In this respect there are some passages where the whole concept of constructs is brought into the light, and offers a terrible, inhuman vision, made even more so by the apparently dispassionate tone our ‘hero’ employs in all its musings: we know from the very beginning of this saga that Sec Units are composed of mechanical and organic parts (and I for one am quite keen to learn more about how those organic parts are obtained…), and that their main job is to protect the employers from harm, even sacrificing their own existence. The downside comes from the fact that in case of a dire emergency, the Sec Unit is abandoned to its destiny, just like one might abandon an unthinking piece of equipment – it’s such a “fact of life” that it’s also regularly portrayed in the serialized media Murderbot watches, and speaks loudly about the callousness of the corporate world. This might be the main reason Murderbot offers the choice of freedom to Three, as its brethren is designated, because it has realized the cruelty of the laws governing them.

[…] because I was a thing before I was a person and if I’m not careful I could be a thing again.

The same goes for the infamous governor module: it’s not just a control system, it’s also a self-destruct apparatus: when the distance between client and unit exceeds a given limit, for example, it destroys the unit itself.  One of Murderbot’s most chilling reflections, as it contemplates Three’s indecision about employing the hack for the governor module, uses this very example to state how it sees its journey from construct to person:

Change is terrifying. Choices are terrifying. But having a thing in your head that kills you if you make a mistake is more terrifying.

I love how Murderbot constantly denies its feelings while being literally inundated by them, how it manages to rationalize them to itself while fooling none of its human companions, just as I enjoy their amused conspiracy in allowing it to maintain the fiction: the person who seems to better understand this is young Amena (the best addition to the cast so far), and this shows in her interactions with Murderbot, which are a mix of teenager annoyance and adult empathy, resulting in the most delightful exchanges throughout the book.  I have come to the conclusion that since Sec Unit’s journey toward self-determination is still underway, it can be viewed as a teenager – still unsure of its role in the wider world and still prey to emotional storms – so that only another teenager is the most qualified to get on an equal footing.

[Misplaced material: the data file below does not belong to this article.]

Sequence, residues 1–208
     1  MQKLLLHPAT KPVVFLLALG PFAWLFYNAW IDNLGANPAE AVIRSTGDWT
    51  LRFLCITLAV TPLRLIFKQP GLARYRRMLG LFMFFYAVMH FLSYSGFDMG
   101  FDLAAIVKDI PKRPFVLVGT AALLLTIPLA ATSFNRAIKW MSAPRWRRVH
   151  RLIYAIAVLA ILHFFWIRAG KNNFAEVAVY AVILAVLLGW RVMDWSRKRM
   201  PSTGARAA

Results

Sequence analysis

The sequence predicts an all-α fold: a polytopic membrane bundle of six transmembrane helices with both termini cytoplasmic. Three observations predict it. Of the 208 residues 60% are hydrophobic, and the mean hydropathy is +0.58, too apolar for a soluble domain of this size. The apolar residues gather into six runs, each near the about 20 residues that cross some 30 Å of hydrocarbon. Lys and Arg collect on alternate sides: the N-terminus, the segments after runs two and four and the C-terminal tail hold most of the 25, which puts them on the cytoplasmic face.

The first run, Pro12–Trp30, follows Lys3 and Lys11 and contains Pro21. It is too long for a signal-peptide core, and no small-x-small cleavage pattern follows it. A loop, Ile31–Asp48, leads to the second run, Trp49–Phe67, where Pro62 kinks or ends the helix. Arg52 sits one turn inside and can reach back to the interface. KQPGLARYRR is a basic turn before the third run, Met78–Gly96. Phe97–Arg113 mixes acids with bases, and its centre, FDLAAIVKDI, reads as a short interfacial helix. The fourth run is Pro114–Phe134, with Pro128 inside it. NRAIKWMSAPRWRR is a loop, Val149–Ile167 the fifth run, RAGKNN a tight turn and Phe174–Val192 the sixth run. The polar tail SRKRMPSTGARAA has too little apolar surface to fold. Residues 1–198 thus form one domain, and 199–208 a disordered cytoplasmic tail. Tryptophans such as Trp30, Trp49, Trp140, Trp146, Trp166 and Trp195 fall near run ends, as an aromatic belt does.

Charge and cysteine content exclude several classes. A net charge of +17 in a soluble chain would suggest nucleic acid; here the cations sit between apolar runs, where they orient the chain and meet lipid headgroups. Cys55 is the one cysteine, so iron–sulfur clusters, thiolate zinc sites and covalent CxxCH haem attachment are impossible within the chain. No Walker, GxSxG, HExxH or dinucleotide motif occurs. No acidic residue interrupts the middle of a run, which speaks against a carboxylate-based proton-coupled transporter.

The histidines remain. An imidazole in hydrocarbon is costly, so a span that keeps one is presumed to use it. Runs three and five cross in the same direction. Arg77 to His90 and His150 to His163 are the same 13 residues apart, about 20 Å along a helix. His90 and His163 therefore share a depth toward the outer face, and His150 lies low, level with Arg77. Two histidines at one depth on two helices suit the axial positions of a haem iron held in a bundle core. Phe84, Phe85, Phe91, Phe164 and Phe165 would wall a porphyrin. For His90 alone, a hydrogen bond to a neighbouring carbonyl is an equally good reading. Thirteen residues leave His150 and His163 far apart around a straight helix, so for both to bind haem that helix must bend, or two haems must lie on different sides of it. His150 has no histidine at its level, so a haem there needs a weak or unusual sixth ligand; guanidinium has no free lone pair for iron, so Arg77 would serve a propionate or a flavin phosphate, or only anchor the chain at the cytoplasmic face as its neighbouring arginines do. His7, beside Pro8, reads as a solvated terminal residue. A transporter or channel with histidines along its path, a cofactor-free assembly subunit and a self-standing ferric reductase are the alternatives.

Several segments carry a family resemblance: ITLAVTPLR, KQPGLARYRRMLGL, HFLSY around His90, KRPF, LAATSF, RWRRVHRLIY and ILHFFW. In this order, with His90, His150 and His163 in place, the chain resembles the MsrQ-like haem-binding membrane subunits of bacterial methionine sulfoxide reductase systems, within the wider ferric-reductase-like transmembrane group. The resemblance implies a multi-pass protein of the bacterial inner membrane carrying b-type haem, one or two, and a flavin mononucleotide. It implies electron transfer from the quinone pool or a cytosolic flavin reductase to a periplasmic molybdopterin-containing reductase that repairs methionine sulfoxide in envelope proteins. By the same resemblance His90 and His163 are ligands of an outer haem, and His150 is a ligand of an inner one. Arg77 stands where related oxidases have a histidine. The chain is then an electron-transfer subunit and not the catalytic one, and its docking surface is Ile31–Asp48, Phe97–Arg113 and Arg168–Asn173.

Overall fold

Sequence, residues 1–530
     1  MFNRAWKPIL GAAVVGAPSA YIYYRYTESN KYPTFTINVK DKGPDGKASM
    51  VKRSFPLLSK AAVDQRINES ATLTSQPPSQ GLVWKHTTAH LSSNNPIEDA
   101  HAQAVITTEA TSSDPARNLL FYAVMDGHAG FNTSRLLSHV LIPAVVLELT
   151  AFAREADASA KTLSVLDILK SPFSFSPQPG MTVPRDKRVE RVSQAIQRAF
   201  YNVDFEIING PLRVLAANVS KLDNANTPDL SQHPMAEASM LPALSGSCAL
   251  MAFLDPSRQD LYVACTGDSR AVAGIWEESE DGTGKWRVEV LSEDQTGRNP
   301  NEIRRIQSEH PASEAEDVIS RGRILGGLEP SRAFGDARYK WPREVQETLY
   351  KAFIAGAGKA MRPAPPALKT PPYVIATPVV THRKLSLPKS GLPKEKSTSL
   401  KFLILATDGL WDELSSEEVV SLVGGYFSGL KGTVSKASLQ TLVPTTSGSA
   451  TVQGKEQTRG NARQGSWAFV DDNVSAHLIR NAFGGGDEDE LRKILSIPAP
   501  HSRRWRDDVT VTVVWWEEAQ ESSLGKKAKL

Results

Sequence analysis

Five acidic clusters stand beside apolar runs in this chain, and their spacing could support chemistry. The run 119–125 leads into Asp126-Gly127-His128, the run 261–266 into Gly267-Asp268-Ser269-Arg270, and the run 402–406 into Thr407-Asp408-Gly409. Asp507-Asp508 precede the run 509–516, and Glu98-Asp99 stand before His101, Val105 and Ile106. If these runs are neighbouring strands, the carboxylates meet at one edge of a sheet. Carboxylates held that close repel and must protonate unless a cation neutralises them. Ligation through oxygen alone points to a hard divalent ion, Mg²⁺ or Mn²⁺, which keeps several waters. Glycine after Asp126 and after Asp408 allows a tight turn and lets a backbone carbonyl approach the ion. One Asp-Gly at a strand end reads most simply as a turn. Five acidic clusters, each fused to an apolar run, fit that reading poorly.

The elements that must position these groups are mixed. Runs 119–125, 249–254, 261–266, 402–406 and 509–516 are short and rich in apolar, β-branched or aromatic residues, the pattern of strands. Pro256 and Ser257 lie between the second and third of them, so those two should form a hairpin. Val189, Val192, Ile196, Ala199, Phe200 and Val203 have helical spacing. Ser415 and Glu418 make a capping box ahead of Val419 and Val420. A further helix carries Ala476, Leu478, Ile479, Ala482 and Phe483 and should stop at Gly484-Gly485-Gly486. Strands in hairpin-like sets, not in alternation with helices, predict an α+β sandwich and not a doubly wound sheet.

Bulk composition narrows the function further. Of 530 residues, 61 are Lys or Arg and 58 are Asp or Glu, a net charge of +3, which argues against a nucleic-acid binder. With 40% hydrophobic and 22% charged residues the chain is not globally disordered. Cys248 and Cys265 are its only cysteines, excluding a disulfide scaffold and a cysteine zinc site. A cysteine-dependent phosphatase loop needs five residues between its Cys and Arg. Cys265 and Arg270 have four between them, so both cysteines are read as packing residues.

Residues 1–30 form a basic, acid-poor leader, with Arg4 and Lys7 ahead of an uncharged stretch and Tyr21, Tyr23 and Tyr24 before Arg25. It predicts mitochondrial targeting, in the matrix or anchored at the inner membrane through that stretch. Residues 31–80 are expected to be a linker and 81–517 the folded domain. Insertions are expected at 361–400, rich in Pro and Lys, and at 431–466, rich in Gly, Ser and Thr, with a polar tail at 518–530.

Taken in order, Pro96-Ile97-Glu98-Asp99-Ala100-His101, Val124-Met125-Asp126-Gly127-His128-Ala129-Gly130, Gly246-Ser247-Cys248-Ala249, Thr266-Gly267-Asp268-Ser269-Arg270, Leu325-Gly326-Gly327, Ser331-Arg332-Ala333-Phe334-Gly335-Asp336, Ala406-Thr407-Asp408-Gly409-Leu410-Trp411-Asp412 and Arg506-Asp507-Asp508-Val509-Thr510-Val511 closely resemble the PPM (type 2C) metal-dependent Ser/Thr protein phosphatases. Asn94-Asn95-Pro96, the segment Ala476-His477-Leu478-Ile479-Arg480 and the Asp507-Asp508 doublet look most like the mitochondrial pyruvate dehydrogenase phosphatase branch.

Last but not least, Network Effect features the return of a previous character, one whose role was crucial in Murderbot’s transition from its former existence: ART is the cybernetic opposite of Sec Unit in many personality traits, and the two renew here their troubled relationship, complicated by some events that are an integral part of the overall story – they may be at odds, and even quarrel bitterly, but there is a profound, undeniable bond between them that gets delightfully explored in this novel and promises interesting developments for the next installments.  Again, I don’t want to say too much about this part of the story, except that ART’s is a very welcome return and offers new insights into what makes Murderbot tick.